The story about the prison leader
Popeye Jackson was told in American Pictures, but let me here tell
you the story of how I got into prison and took these photographs
just a few days before my friend Popeye, in the picture, was
assassinated. I had been active in the same city, San Francisco,
four years before in the world’s first successful gay-rights
movement – the same movement that brought Harvey Milk to power seven
years later. As a gay activist, I became good friends with the
sheriff of San Francisco, Hongisto, who as a gay was still not out
of the closet. I could therefore talk him into jailing me illegally
so I could photograph our mutual friends – all the transvestites
whom I lived with at the time and who frequently ended up in jail.
Funny also that Hongisto himself was later locked up in that same
prison when he refused to allow police to evict gays from their
apartments, as the law said they should be if they were guilty of "sodomy,"
as it was still called.
When a friend of Popeye’s and mine, Sara Jane Moore, tried to kill our president at the time, President Ford, to avenge the FBI murder of Popeye, it was actually one of my neighbors, Billy – a gay man who was the boyfriend of Harvey Milk’s lover Joe – who knocked the pistol out of Sara’s hand and saved the president’s life. As an instant hero, Billy was invited to the White House, but when Milk convinced him to announce that he was gay, to help strengthen the gay rights movement, the president suddenly refused to meet his own savior.
This year, when I was taking pictures
under these highway overpasses in the world’s biggest village, Baton
Rouge, I discovered that many of the same people that I’d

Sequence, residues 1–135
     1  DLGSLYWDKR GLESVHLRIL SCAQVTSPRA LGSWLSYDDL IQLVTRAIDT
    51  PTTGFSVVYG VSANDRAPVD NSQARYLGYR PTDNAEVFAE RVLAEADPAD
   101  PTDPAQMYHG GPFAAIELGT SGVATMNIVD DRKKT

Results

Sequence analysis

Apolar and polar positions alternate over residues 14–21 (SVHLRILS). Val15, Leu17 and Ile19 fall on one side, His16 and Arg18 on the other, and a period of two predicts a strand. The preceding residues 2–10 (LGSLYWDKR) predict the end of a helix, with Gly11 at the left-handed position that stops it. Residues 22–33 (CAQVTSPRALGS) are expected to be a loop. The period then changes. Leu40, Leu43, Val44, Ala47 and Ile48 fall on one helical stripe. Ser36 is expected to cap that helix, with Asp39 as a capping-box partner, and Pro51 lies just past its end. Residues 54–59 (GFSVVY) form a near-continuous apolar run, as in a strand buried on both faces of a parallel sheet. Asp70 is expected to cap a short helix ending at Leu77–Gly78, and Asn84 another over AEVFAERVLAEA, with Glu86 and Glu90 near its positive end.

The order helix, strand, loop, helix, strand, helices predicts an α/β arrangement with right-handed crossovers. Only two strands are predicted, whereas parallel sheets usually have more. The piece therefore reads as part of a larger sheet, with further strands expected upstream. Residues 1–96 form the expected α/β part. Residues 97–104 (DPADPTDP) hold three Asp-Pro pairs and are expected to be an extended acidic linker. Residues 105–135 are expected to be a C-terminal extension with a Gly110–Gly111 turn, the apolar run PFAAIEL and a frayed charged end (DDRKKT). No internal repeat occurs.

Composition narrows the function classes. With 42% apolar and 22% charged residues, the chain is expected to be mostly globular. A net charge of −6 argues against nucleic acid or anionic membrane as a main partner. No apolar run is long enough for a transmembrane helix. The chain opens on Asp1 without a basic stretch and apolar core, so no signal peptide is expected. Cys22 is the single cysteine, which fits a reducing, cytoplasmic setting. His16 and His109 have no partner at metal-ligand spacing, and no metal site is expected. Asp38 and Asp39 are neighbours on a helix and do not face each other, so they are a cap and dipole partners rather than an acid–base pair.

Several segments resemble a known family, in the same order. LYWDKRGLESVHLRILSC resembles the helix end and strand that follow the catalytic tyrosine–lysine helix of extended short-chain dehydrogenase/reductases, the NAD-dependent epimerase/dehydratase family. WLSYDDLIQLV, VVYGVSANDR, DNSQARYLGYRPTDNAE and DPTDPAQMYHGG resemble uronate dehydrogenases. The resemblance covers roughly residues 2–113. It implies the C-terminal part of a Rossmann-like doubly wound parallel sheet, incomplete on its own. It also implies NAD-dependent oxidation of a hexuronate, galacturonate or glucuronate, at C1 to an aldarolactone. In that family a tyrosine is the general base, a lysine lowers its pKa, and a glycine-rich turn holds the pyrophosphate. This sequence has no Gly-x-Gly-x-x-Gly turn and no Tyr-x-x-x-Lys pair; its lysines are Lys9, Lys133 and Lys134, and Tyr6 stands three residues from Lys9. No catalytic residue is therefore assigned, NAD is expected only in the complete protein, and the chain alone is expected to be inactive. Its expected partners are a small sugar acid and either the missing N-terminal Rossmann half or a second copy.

photographed in their shacks 35 years earlier were still living
there. But now they didn’t want to be photographed as victims. "We
live here of our own free will."
In 1972, I was hitchhiking around
Guatemala with a vague idea of joining the guerillas, since Nixon
had bloodily overthrown the first democratically elected government
in Guatemala’s history. It was those years when the U.S. was still
acting as a terrorist.
I have always been against intimate relationships with our outcasts in the underclass – it will always be a kind of exploitation. Thus I have consistently refrained from having relationships with poor women in the Third World. But Mary was an exception. I came to her shack, which had no indoor plumbing, to get a glass of water in the sweltering heat of summer and we ended up – in more than one sense – sharing water at the well of the Samarian woman. Mary and I romanticized our forbidden relationship there in those tough surroundings, but she didn’t trust people like I did: she kept three pistols and a shotgun under her bed. Those were some of the happiest days of my life and we have maintained our close relationship throughout our lives despite our differences of class and culture.
Once, when I was going away to a Ku Klux Klan rally in Kentucky, Mary gave me a silver cross to protect me on the trip. The same day I took this picture of her barring the door – as if she knew what was going to happen.
Those who seek to preserve a caste system will always condemn such relationships. Americans – out of pure and simple guilt about the tacit apartheid in their own hearts – tend to blame Mary’s misfortune and our Shakespearean tragedy on me. Likewise, we Europeans are always blaming Americans for their primitive resistance to intimate bonds between blacks and whites, while we forget our own disassociation from intimate interrelationships with the Muslims.
All over the world, the minds of both oppressor and the oppressed are full of blocks against mixed marriages and intimate relationships.